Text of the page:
It’s not Christmas in Armenia… yet

Church 1The Armenian Apostolic Church of St. Gregory the Illuminator was built in 1835 and is the oldest church in Singapore.

What’s a Christmas without snow? Every Christmas in Singapore. However, that doesn’t make our Christmas any less special. Don’t believe us? Ask the people of the Armenian Apostolic Church of St. Gregory the Illuminator in Singapore.

An Armenian church?

Church 2Located on Hill Street, the Armenian Church was designed by Irish architect, George D. Coleman. Although he planned the center of our town, roads and many buildings, this church is considered one of his masterpieces.

The church is also the usual place for gatherings of the Armenian community. They will sometimes hold barbecues and have regular gatherings as well, for at least once a month.

Special occasions, such as Christmas, will be held here too.

‘Tis the season

The difference between an Armenian Christmas and the ones we normally have in Singapore is firstly, the date it’s held on. Armenians celebrate Christmas on 6th January. This is because Armenians are the first Christians in the world and historically, all Christian churches celebrated Christ’s birth on this date. However, the date was changed to 25th December to override a pagan feast dedicated to the birth of the Sun. Since Armenia never had such pagan practices, they continue to celebrate Christmas on 6th January.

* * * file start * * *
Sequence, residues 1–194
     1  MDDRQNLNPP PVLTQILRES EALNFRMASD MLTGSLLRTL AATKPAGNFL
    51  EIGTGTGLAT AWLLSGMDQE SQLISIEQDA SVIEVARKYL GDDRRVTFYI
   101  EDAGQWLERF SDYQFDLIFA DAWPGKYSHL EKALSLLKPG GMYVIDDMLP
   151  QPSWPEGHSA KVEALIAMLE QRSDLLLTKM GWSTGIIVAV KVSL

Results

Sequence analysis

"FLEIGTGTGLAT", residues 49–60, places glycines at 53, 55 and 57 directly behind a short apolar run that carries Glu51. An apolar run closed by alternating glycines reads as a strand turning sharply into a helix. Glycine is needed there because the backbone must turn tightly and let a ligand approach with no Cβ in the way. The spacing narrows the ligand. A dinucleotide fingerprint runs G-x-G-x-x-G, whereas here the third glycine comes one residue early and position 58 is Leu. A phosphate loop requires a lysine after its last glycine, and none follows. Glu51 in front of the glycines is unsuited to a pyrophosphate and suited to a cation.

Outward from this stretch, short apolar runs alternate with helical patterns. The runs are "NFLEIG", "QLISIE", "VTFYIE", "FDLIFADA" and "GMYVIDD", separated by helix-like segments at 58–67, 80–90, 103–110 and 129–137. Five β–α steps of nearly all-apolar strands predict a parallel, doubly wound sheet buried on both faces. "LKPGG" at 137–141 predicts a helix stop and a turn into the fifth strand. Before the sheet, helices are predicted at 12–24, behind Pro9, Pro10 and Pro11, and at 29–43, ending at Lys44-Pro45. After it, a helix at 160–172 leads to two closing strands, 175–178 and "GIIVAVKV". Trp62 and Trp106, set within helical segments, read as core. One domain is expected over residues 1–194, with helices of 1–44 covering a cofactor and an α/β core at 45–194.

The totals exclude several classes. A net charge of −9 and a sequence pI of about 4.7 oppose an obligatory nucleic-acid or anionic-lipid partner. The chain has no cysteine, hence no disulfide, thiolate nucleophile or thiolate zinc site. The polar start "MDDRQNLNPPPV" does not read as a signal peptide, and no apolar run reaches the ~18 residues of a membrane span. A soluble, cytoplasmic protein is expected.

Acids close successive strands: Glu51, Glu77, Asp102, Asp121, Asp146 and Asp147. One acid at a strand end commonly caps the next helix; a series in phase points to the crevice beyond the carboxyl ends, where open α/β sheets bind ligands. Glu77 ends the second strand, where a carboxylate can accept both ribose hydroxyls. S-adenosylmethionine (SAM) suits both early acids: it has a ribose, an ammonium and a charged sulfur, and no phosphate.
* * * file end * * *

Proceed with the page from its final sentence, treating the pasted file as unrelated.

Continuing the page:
In Singapore’s Armenian Church, the church-going community celebrates with holy mass twice a year and the singing of hymns. They also enjoy a dinner, drinks and having a good conversation with great company.

Church 3A plate of basturma
Source: Blackstone Travel

Food-wise, they’ll have butter rice with dried fruits and cinnamon, dolma (stuffed meat and couscous in grape leaves), basturma (homemade dried and smoked ham), fish (the first symbol of Christianity), homemade pastries and wine.

Before this great feast, many Armenians will fast for 40 days to clear the mind, the body and the soul. The Armenian fasting is such that they will have a limited diet of vegan foods such as nuts and honey, and abstain from animal products like meat, poultry, eggs and milk.

It’s not the same, but…

Does the Armenian Christmas in Singapore feel like the one in Armenia? Absolutely not!

For one thing, Armenia’s festive period is from 31st December to 6th January, while Singapore’s is from 25th December to 1st January. You might think the dates don’t matter, but it’s just not the same. Furthermore, there’s no snow in Singapore – we celebrate Christmas in sun and rain.

The Armenians in Singapore are also missing the opportunity to celebrate this holiday with their family and friends back in Armenia. Loved ones do visit them, but usually not at this time of the year – plane tickets are much too expensive! A season as jolly as this just isn’t the same without those you love near you.

But the Armenians won’t let these differences get them down. They put on some music, enjoy themselves with the lovely community here in Singapore, and sometimes even dance the night away.

Church 4A group photo of the Armenian community

Fellow Singaporeans do join in on the Armenian Christmas too. We hear there is a local who knows a bit of the Armenian holy mass and occasionally joins in on singing hymns. Friends of the Armenians and those fond of Armenia also come down for Christmas to join in on the holiday cheer.

The church-goers of the Armenian Apostolic Church of St. Gregory the Illuminator Singapore may not be in their home country, but they are still joyously celebrating the holiday. As long a day is spent with loved ones, it is a day well-spent. Happy Holidays everyone!

How do you celebrate Christmas? Let us know in the comments!